Derb El Miter, Fès, Morocco
Hit the Fondouk Kaat Smen, otherwise known as the honey souk, to taste your way through as many as 17 different wild honeys for sale. Varieties range from familiar orange blossom and lavender to more unusual treats like caper and carob. If jujube is available, note that it’s favored for its anti-inflammatory and antioxidant properties, is considered to be particularly good for the liver and is locally consumed more as a medicine than something to spread on toast. People travel from afar to take this honey home, so the proprietor, Mr. Hicham, is used to packing it for air travel. Pop around the corner to the spice shop on Rue Bouhaj to stock up on freshly ground spices, too, like lemon-scented cumin, rich red paprika, ground ginger, sweet and earthy turmeric, and heady cinnamon.
Tala'a Kbira , Medina , Fés-Morocco، N°248 Rue Talaa Kebira, Fes 30000, Morocco
The most traditional of Fes’s two main shopping streets is a cornucopia of carpet vendors, leather babouche makers, Berber jewelry sellers, fondouks spilling over with handmade pottery, and much more besides. The trick here is to sort the wheat from the chaff and get some proper bargains. Among the myriad carpet shops, a favorite is Kilim Berber where the charming Youssef sells an affordable collection of top-quality Beni Ouarain, Azilal, and Boucherouite rugs. Take a gander at the wares of the Fondouk Tazi, which has an excellent range of traditional Fes pottery as well as groovier striped collections. Keep strolling downhill and you’ll see wooden buckets trimmed with brass items meant for the hammam (but which look just as stunning in a modern bathroom); aim to wind up at the Henna Souk, where you can stock up on traditional cosmetics and toiletries from Ahmed and Mohammed—who can also give you a crash course in how to use them.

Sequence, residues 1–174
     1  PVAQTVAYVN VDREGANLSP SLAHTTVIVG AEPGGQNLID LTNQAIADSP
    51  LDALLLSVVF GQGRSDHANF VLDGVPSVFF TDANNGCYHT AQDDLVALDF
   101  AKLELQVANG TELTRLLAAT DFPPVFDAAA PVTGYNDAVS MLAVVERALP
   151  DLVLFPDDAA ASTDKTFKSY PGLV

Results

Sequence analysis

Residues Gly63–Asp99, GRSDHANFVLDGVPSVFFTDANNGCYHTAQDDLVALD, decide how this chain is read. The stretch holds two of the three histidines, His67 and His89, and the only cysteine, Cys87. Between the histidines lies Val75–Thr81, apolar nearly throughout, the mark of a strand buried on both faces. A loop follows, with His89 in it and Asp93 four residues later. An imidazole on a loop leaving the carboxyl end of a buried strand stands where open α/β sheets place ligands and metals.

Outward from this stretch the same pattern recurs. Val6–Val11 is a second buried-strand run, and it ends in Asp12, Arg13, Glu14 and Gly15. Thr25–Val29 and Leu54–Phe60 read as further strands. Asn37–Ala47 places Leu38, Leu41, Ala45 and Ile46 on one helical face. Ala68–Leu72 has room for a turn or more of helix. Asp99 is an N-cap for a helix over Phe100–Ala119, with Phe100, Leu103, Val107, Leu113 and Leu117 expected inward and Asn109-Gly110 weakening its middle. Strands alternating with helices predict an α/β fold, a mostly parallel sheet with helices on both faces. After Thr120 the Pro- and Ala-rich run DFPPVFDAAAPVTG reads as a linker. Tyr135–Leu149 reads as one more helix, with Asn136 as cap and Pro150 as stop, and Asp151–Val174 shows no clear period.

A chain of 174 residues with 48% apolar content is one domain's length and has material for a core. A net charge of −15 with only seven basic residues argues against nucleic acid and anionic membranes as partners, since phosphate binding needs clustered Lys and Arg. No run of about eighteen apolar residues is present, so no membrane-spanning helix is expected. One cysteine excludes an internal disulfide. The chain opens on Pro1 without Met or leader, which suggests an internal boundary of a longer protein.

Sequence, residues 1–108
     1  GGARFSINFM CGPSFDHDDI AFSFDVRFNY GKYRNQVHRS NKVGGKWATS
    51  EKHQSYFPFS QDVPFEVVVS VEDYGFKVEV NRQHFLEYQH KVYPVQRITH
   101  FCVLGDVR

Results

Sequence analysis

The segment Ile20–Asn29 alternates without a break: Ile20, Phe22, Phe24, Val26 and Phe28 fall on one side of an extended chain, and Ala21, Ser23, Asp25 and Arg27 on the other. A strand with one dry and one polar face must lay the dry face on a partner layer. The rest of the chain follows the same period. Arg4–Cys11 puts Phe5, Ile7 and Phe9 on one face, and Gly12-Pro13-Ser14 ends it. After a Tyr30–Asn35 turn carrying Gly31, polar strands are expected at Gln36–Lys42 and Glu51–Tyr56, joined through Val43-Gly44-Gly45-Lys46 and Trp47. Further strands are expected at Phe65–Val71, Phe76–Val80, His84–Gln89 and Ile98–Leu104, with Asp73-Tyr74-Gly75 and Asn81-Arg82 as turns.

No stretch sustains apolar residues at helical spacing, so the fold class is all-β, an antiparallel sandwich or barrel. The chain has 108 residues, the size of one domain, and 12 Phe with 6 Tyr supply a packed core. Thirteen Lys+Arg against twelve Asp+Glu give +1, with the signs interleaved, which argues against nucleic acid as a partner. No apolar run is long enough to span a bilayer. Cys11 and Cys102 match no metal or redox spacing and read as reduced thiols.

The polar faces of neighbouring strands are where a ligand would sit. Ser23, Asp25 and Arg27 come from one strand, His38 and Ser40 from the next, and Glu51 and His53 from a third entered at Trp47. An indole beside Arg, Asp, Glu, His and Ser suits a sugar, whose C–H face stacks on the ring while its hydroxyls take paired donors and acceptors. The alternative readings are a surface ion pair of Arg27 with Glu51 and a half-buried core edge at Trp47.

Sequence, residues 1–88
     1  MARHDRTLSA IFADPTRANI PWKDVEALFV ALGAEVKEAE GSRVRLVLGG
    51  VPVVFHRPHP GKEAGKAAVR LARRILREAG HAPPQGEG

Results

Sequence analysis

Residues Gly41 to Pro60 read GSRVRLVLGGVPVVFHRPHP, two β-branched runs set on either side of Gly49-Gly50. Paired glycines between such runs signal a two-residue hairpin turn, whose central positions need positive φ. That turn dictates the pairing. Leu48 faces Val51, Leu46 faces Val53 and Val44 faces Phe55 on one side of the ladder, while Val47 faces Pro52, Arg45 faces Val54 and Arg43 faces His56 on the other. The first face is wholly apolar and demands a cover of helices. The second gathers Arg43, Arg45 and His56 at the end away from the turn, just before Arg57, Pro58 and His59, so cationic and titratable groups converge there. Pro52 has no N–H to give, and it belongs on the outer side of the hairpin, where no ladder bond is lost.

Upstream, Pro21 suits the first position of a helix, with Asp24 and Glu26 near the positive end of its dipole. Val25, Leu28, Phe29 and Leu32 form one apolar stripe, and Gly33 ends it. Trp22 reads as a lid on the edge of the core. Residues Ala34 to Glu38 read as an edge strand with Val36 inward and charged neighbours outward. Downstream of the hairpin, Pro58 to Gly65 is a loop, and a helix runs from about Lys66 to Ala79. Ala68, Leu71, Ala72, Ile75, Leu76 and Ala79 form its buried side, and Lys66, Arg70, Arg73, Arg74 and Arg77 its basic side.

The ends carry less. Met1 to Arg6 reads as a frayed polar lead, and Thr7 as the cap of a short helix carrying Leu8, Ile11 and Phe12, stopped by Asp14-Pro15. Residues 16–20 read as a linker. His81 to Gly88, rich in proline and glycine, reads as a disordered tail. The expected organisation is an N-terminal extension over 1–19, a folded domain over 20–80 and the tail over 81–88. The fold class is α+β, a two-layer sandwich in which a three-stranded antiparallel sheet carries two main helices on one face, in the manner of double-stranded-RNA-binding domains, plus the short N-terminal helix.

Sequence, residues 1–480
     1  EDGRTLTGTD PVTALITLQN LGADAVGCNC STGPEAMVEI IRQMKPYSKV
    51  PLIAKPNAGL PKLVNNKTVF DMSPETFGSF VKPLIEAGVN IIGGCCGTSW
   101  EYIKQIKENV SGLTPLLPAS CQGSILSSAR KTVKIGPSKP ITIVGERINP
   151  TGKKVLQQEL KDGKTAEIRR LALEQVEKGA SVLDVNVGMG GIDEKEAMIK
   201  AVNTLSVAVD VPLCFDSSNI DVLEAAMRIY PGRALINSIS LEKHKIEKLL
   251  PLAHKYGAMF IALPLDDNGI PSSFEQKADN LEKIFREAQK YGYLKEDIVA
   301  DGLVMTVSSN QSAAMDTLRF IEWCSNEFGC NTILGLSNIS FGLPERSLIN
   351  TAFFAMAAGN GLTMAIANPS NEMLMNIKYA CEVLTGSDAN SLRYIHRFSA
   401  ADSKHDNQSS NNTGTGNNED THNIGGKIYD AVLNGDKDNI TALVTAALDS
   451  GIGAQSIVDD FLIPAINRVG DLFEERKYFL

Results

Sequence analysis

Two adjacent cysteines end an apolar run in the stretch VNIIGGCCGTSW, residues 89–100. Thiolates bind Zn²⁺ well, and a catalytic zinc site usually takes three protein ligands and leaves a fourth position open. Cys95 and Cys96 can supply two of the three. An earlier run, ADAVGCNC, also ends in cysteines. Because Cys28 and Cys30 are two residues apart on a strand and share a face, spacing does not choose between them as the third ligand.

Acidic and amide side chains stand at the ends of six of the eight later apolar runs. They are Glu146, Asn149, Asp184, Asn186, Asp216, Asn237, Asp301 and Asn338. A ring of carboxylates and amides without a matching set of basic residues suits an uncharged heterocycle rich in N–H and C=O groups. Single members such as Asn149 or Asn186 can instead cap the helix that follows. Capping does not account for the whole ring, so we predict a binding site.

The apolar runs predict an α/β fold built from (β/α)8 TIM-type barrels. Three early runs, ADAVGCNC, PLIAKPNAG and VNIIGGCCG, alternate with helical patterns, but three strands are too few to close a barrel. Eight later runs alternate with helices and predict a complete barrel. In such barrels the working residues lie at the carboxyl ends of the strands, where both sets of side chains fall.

Rue Talaa Kebira
The plaza of Place Seffarine, dominated by the entrance to the al-Qarawiyin Library and a sturdy old tree, is one of the most pleasing areas in Fes. As you approach, you’ll hear the sound of the copper beaters tap, tap, tapping away. It’s well worth perusing the stalls to find high-quality cookware to take home, such as pixie pans for boiling milk for your coffee, copper tagines and teapots, and prettily etched bowls for use in the hammam. Stop at the café for seriously strong coffee and to watch the world go by, or scoot around the corner onto Derb Chouara for hot, sweet mint tea spiked with various other healing herbs at a hole-in-the-wall where you’ll rub shoulders with local craftspeople taking a break from their labors.